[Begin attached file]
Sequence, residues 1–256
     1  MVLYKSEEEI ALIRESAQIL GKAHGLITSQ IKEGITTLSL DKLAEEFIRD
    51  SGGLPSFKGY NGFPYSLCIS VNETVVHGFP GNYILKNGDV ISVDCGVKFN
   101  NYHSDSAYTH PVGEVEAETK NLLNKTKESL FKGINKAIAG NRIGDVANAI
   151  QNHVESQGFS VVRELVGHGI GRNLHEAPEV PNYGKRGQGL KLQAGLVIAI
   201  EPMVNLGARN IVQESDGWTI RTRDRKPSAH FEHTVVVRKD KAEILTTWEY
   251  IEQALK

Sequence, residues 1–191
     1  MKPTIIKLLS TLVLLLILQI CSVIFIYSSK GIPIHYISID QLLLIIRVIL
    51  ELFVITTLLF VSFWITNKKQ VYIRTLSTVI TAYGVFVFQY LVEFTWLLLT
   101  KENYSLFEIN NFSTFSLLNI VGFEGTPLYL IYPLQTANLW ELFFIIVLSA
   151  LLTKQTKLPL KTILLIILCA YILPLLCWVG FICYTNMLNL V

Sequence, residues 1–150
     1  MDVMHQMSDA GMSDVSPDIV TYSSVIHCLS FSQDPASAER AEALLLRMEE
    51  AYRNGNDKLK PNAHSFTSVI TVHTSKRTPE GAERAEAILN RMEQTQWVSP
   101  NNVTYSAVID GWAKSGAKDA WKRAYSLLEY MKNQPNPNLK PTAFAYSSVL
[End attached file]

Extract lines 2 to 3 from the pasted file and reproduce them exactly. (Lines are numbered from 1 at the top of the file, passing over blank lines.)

     1  MVLYKSEEEI ALIRESAQIL GKAHGLITSQ IKEGITTLSL DKLAEEFIRD
    51  SGGLPSFKGY NGFPYSLCIS VNETVVHGFP GNYILKNGDV ISVDCGVKFN